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Originally bred to kill rats and mice in stables, Affenpinschers eventually charmed their way into German kitchens, finding favor with women and evolving into companions. Their mission was twofold — to keep the kitchen free of rodents and be entertaining enough to end up as bed warmers.

Today this sturdy little ratter is earning top awards in the show ring and a place in the hearts of dog lovers everywhere. Don’t be fooled by the breed’s lower rank of in AKC registrations. The numbers may be small, but their appeal is huge.

“Their adorable monkey-like face and charming devotion to those they love have kept them in the companion role, but they’re still quite capable of filling their original function,” says Sharon Strempski, secretary and historian for the Affenpinscher Club of America (ACA).

She relates the story of a Thames River flood that washed a river rat onto a friend’s property outside London. A quick tussle in the lower part of the garden resulted in a dispatched rat nearly as large as the Affenpinscher who killed it.

Strempski’s dog friends were more impressed by the rat kill, she says, than the Best of Breed win at Crufts by a kennel mate!

Devil or Clown?

Details on the origin of the Affenpinscher are sketchy, leaving room for much speculation on how this tough little exterminator ended up performing in circuses. Germans coined the name Affenpinscher, which translates as “ape terrier” or “monkey dog.” In France, they describe the breed as “diablotin moustachu” or the “mustached little devil.”

The most widely accepted history involves a man from Liibeck, Germany, breeding ratting terriers in earnest in the 1600s. During the plague, they brought the dogs in from the stables to kill kitchen mice. These mice had a disturbing tendency to scamper up the skirts of the ladies of the house.

c. 1935. Owned by Bessie Mally.
Courtesy of the AKC Library and Archives

In the 17th and 18th centuries, a breed called the Schooshundrassen (“lapdog breed”) became popular in Germany. This breed closely resembled the type of today’s Affens.

According to historians, by the early 20th century dogs from the same litter were identified as Schnauzers and Affenpinschers, depending on their head shape. Most Miniature Schnauzer historians trace the origin of their breed back to those original Affen-Schnauzer crossings.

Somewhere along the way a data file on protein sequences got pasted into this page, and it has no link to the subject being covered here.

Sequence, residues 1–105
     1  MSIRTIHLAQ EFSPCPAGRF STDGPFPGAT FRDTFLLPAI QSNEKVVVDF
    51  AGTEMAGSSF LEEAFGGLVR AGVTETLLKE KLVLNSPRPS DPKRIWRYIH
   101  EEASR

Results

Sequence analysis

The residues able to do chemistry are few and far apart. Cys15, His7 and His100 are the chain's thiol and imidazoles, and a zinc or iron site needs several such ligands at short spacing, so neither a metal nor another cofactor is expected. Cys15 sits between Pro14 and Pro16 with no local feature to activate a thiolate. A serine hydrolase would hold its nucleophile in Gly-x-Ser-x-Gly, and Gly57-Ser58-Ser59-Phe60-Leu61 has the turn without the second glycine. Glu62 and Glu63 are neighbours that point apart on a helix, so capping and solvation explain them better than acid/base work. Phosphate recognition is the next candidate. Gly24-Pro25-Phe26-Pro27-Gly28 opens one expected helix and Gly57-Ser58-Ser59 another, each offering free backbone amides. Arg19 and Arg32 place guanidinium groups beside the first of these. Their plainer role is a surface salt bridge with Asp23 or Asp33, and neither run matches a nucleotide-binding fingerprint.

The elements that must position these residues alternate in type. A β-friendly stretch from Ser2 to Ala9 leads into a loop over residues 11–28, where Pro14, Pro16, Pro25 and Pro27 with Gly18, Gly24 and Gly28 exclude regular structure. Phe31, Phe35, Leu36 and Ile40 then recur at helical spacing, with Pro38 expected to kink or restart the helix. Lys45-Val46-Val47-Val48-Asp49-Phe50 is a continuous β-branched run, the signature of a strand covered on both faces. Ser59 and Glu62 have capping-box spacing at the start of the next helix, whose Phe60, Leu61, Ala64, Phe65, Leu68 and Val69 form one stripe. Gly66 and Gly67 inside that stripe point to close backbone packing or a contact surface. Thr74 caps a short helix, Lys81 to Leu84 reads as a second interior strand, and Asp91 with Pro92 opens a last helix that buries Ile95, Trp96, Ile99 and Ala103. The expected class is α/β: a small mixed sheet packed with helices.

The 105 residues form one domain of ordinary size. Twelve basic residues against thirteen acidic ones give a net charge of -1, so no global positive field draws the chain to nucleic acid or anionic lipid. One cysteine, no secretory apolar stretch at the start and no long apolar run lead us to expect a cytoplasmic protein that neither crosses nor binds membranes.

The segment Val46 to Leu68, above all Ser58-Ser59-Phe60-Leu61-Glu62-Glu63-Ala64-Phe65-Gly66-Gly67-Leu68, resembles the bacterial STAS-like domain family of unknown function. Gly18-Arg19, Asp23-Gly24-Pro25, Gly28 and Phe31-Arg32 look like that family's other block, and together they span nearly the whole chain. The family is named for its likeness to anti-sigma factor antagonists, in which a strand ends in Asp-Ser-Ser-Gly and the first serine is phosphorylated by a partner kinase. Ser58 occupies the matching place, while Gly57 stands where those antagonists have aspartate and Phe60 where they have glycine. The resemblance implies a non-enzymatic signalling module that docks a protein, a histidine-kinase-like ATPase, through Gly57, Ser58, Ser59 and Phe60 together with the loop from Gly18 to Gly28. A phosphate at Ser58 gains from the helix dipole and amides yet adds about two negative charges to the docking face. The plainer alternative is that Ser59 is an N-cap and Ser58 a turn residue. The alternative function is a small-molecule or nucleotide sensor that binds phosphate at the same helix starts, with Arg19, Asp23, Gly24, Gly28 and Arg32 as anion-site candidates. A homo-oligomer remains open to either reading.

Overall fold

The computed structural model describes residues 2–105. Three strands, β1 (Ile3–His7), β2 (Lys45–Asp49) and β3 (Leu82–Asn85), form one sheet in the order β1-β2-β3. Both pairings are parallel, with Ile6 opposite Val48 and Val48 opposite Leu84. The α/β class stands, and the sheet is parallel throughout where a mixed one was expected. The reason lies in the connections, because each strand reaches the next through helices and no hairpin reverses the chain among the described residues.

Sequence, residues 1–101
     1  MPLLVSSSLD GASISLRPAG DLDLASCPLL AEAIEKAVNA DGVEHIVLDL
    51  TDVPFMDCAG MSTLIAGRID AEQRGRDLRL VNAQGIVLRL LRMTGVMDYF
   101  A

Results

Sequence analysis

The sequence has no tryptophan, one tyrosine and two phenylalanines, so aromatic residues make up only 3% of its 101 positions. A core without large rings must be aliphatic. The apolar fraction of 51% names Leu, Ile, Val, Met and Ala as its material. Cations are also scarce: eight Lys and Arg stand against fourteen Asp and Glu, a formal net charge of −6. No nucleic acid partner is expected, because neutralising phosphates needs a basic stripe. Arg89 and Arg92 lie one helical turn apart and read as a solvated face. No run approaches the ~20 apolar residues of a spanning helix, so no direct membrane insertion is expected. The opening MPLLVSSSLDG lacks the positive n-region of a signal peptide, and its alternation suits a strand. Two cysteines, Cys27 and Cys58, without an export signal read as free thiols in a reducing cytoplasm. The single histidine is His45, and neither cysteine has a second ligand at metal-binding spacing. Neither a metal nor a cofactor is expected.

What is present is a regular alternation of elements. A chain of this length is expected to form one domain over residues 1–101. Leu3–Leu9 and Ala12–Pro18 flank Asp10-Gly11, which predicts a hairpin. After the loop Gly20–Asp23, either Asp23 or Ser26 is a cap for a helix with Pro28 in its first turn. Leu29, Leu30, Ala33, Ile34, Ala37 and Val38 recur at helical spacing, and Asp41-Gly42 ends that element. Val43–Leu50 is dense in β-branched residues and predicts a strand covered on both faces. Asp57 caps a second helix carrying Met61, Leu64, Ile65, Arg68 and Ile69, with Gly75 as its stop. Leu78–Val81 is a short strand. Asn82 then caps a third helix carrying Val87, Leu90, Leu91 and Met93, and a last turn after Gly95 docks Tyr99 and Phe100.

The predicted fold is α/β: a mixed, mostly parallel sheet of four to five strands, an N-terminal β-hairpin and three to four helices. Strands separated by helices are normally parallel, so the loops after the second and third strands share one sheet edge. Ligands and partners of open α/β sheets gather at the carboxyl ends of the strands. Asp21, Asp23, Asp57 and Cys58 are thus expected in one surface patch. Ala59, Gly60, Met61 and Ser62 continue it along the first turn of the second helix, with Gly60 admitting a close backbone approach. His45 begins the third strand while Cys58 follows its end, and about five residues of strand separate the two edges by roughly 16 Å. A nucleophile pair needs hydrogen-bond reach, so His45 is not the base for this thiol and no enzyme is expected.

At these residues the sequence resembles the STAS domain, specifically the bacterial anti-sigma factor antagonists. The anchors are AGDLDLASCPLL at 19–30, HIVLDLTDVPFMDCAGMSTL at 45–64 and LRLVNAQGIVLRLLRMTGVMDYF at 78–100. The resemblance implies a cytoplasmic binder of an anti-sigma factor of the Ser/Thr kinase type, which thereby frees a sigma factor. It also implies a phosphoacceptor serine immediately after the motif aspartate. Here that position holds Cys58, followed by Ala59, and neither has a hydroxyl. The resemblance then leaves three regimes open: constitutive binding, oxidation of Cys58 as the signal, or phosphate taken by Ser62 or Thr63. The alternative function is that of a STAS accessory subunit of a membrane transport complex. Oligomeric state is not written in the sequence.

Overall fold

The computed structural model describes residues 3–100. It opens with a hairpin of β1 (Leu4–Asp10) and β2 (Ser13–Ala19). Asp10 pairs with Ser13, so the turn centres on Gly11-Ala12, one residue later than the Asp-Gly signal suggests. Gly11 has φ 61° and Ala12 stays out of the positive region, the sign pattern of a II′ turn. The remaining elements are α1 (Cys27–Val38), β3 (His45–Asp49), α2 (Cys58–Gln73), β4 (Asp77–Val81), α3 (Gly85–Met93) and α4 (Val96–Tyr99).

A book on Brussels Griffons notes that “there has always existed a breed of small rough coated dogs, as early as the 15th century or before,” and they were used for catching rats and believed to be forerunners of the present-day Affenpinscher.

Yet another theory involves a cross between the Miniature Schnauzer and the German Pinscher, with a little dash of Pug, which may explain the short nose.

Building and Rebuilding the Affen in America

Bessie Mally, of Cicero, Illinois, whelped the first American-born litter of Affenpinschers on June 12, 1935, with a pair imported from Germany. The dam of the litter, Nolli v An wander, was the first Affenpinscher recognized by the AKC when the breed entered the studbook in 1936.

The onset of World War II brought breeding to an abrupt halt; the last litter registered was whelped in June 1940. No Affens were bred for the next nine years. In the early 1950s, breeders had to start rebuilding from the ground up. Many Americans imported German dogs bred to Mally’s line in the 1930s.

Affenpinscher winning an award at a conformation show.
Courtesy of the AKC Library and Archives

Ch. Bub v Anwander, bred by Maria Anwander and owned by Evelyn Brody, of Cedarlawn Kennels, became the breed’s first American champion.

The rebuilding process led to important foundation stock, most notably Ch. El Cocagi Kamehameha (“Bear”) and his littermate Ch. El Cocagi EliEli Wahine (“Posey”), who set the type for the modern Affenpinscher.

Bear had the distinction of being the first Affen to capture a BIS in North America in June 1978 at the Tonawanda Valley Kennel Club. Another distinction: Bear was from “the first and only litter of Affenpinschers born in Hawaii,” Bob Sharp of Albany, New York, told the New York Times the day of his win. Sharp handled the dog at the Tonawanda show for his daughter, 8 -year- old Jennifer, who was Bear’s official owner.

Fellow Affen fanciers consider Jerry Cushman, of Hilane Kennels, Beth Sweigart, of Yarrow Kennels, and the late Flo Strohmaier, of Flo-Star Kennel, of major influence in the breed’s development. Cushman lays claim to the two top-producing sires in the breed’s history.

The breeding of his Ch. Hilane’s Solar Eclipse to Ch. Gerbrae Maid in Splendour produced the top-winning Affenpinschers of all time, Ch. Yarrow’s Super Nova and Ch. Yarrow’s Lucy in the Sky.

Affenpinscher; Best in Show, Tonawanda Valley Kennel Club, June 11, 1978
Courtesy of the AKC Library and Archives

Today’s Affenpinscher

The immense charm that propelled them from stable to kitchen to boudoir has made Affens a force in the show ring. In 2013, an Affen named Banana Joe delighted America by winning the Westminster Kennel Club’s Best in Show. Affens have also succeeded working as therapy dogs and in agility and obedience.

Despite their adorable nature, the grit that made them such effective ratters has never left the breed. Writer Desmond Morris even reports that during a trip to Alaska he witnessed a Affenpinscher chase off a grizzly bear!

Related article: Bouvier des Flandres History: Belgiums Farm Dog, Germanys Enemy
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